Yoga for couples. The emphasis of being in the now soothes the anxiety over what is going to happen in the future; making it easier to express feelings; more easeful as a new relationship progresses from 'now' to a 'more often'. In the early stages when the spark of chemistry ignites attraction, yoga teaches us about self-confidence and ego, two things that can undermine making that 'first move'.  Exploring physical poses together heightens body awareness of the other, invites a playfulness into the movements, and can involve a spiritual communion which can deepen the relationship emotionally and physically. The common denominator of the yoga lifestyle offer couples a foundation from which to build the relationship for the long term with each other and within their community.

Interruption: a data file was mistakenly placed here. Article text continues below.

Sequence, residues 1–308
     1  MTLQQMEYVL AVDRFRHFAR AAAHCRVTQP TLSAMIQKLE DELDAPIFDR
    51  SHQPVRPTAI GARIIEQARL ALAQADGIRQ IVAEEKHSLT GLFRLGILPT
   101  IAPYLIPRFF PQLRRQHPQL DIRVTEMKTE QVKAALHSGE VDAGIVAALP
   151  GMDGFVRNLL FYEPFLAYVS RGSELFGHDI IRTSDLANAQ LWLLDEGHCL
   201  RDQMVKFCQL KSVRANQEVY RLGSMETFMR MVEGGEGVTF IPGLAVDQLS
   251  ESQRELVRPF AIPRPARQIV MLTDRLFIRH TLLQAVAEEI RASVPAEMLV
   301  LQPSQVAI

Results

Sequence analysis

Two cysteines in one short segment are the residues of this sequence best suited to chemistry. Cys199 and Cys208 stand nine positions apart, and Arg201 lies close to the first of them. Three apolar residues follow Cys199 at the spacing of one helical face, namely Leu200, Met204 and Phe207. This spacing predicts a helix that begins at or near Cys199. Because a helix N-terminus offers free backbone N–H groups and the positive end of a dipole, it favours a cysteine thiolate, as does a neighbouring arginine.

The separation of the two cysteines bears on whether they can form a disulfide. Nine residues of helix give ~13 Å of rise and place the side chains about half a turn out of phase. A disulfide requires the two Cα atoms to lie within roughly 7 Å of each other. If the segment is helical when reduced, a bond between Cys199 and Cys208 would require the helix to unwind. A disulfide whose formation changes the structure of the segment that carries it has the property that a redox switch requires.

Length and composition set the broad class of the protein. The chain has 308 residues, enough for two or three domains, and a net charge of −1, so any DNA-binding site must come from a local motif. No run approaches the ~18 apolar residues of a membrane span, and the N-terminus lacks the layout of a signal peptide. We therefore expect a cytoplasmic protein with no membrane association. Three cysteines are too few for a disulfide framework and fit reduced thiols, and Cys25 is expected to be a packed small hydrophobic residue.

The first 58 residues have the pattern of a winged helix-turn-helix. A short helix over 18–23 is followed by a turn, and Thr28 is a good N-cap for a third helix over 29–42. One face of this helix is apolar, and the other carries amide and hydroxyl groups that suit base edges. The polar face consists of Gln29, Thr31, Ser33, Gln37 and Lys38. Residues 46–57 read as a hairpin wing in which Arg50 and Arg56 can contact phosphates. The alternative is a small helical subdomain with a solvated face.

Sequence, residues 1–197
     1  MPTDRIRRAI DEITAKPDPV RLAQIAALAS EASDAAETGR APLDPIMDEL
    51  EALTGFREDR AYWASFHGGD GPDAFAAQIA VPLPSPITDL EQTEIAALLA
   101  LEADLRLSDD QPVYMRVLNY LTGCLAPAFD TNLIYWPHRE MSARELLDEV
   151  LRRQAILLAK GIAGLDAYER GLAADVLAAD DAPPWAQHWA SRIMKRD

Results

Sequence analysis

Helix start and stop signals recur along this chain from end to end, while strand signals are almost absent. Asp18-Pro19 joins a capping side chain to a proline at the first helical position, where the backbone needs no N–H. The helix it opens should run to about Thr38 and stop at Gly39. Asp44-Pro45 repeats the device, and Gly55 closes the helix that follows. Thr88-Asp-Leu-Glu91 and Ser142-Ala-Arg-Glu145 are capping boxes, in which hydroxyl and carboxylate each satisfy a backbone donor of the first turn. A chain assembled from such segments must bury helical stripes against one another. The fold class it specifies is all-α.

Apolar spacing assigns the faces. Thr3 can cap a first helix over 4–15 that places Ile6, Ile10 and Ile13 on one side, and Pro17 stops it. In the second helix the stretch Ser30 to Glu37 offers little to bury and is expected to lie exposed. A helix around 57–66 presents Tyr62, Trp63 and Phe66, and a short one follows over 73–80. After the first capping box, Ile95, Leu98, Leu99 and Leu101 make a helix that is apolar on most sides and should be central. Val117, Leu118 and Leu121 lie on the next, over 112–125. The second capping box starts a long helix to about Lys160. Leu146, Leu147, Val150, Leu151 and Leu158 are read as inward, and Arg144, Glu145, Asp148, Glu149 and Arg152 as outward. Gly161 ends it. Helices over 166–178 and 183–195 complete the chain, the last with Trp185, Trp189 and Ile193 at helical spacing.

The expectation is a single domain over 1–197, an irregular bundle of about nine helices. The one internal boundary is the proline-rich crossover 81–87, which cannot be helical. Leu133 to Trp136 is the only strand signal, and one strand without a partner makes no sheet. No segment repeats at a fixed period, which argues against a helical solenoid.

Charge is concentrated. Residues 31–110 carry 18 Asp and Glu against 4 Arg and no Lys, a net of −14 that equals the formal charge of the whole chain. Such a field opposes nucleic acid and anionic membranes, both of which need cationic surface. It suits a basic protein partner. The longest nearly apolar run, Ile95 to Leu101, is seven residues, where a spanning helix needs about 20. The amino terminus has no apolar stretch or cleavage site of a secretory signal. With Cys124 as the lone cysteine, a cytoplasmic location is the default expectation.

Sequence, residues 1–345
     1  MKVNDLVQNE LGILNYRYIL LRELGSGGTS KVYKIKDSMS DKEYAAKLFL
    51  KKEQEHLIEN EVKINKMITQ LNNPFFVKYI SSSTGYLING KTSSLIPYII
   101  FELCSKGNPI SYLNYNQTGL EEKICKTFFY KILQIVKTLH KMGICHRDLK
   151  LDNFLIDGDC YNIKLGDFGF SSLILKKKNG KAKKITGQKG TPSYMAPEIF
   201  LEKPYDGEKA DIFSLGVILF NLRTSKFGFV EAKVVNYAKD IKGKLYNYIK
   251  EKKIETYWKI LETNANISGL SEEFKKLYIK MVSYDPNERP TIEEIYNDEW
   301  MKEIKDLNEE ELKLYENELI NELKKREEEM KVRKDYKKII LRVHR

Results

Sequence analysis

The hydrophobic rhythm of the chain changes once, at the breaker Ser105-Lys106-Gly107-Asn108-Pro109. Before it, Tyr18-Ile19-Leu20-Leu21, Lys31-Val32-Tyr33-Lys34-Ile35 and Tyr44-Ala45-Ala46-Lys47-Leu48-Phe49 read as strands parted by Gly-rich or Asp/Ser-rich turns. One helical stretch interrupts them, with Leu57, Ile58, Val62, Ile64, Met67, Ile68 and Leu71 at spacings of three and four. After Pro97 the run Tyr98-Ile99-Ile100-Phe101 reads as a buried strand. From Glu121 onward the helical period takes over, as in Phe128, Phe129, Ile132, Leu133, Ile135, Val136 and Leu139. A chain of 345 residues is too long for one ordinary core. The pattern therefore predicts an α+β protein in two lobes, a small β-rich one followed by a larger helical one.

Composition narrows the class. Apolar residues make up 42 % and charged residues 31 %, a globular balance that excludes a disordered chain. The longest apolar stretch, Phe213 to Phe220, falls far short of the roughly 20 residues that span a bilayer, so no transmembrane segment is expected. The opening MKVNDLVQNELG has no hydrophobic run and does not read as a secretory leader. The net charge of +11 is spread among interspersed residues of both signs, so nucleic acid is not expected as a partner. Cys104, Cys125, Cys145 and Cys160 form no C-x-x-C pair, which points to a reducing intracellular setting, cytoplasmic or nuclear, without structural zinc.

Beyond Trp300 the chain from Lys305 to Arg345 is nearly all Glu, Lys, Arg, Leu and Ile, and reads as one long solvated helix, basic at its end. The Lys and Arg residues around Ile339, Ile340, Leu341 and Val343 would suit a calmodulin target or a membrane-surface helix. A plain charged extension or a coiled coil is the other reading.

"Even the word children is a relative fantasy.  They are us in small bodies, seeds that are unfolding.  In the same way that you provide a plant that you are cultivating the best possible environment for it to reach its full growth, you should provide children with the sort of environment that allows them to maximize their creative potential." Ram Davis 

Children love yoga. They are natural acrobats.  Many of the poses, some named after animals, can be combined with play and storytelling for moral value, fostering imagination and developing cooperative play.  Yoga develops awareness of the senses and how the body works and moves. Children love to imitate adults. Family yoga can give both parents and children an activity in which to bond in a nonjudgmental, accepting and peaceful way.